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Weather conditions, such as temperature, humidity and air movement can have a significant impact on the overall appearance and performance of an exterior paint job. The quality, continuity and uniformity of the paint film will be determined by the temperature and drying conditions. Some of the factors affecting the drying rate of waterborne acrylic coatings are:

Humidity: high relative humidity (moisture content of the air) retards evaporation of water from the paint. Relative humidity above about 90% can cause extremely slow drying. Excessive humidity can also lead to sagging of the paint, especially at higher wet film thicknesses.

Temperature: low temperatures impede evaporation of liquids from paint. Significant slowing of dry is generally observed with temperatures below about 60°F, but with care waterborne acrylics can be applied down to 45°F. Temperatures above about 95°F can lead to the paint drying too fast. Painting in direct sunshine can dramatically increase paint temperature (and thus speed of dry) if the paint is a dark color, which absorbs heat from the sunshine. High surface temperatures, whether due to exposure to sunlight or service conditions (e.g., hot pipes), will also lead to increased speed of dry, and can cause mudcracking, dry spray, and difficulty in maintaining wet edge.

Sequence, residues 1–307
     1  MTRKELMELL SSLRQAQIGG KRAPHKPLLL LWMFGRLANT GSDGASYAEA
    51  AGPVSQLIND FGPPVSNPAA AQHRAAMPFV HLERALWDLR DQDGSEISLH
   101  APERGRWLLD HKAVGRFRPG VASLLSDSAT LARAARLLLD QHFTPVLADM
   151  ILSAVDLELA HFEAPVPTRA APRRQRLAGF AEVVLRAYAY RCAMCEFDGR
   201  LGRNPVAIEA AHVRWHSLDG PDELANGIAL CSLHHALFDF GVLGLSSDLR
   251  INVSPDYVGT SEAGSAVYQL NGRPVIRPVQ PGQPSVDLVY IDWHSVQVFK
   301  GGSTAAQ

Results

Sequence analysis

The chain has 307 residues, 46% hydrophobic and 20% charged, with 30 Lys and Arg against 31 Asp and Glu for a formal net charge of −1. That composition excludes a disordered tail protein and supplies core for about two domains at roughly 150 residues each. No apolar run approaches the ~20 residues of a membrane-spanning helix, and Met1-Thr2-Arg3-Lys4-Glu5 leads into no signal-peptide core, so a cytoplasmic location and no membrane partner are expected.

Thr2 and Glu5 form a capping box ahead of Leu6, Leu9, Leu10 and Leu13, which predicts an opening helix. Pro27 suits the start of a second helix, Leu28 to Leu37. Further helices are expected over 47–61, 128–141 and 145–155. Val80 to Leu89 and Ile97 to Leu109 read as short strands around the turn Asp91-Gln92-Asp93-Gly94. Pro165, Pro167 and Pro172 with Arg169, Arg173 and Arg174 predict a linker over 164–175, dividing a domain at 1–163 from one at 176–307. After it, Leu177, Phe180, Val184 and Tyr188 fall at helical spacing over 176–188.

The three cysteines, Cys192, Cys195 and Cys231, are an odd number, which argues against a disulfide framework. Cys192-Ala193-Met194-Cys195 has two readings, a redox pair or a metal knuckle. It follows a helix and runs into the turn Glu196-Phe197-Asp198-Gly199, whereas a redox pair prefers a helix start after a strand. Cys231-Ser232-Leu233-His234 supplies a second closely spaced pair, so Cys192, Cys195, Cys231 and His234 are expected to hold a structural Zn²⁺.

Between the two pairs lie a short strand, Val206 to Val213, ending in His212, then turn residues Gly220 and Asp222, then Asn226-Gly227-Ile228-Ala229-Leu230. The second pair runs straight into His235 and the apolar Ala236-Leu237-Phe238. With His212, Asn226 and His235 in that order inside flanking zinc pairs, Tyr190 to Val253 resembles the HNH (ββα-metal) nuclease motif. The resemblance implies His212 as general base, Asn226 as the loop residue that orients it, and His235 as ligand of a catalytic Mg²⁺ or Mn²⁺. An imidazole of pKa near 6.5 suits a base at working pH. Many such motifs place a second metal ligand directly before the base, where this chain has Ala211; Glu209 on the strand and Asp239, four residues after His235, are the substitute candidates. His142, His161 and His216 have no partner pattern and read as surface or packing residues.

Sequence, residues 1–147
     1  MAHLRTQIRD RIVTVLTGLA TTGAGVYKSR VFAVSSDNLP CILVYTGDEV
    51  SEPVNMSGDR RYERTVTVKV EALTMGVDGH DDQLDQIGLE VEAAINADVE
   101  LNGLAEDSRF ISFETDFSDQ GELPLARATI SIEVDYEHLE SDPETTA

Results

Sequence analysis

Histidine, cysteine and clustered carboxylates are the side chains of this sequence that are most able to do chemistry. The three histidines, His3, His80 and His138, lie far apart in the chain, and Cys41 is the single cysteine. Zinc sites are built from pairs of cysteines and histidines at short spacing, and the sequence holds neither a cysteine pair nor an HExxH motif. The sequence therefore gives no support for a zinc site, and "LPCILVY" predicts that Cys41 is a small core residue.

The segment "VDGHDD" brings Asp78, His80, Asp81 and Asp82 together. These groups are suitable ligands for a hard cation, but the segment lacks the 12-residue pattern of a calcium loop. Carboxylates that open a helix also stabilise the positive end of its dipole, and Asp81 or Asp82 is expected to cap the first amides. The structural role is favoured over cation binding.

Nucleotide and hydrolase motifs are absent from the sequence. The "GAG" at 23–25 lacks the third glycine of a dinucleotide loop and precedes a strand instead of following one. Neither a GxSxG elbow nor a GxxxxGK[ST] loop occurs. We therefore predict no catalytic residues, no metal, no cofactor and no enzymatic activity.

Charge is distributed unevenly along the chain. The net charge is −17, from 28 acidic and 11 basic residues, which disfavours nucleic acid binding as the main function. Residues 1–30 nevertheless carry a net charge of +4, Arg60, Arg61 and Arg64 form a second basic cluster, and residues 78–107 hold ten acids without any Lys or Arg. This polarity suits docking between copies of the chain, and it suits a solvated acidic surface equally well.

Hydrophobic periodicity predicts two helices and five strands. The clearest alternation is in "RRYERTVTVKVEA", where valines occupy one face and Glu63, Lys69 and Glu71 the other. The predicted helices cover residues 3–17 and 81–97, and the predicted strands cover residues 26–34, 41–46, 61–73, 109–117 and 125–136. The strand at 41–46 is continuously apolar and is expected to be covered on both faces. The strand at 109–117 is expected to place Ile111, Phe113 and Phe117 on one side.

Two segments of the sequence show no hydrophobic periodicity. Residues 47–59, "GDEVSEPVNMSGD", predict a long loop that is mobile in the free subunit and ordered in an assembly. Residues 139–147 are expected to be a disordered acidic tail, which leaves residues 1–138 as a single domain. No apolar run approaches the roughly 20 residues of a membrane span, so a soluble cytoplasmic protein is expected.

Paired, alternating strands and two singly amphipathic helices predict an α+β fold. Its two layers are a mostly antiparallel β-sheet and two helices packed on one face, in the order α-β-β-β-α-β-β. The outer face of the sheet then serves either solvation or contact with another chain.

Wind: air movement speeds drying because fresh air passing over a wet paint helps liquids in the paint to evaporate. Dry times are generally specified assuming little or no air movement. In high humidity situations, some air movement can be helpful and will aid in the drying of a waterborne paint. However, in low humidity conditions (below 20%), even a light wind can cause the paint to dry too rapidly.

The effect of the environmental conditions on the drying speed of a waterborne paint have an impact on performance because of how it affects the film formation process. Manufacturer’s recommendations for temperature, humidity and air movement should always be followed for any paint to insure its optimum performance. For info on possible problems which can occur when waterborne coatings are applied outside of these intended limits, click here.

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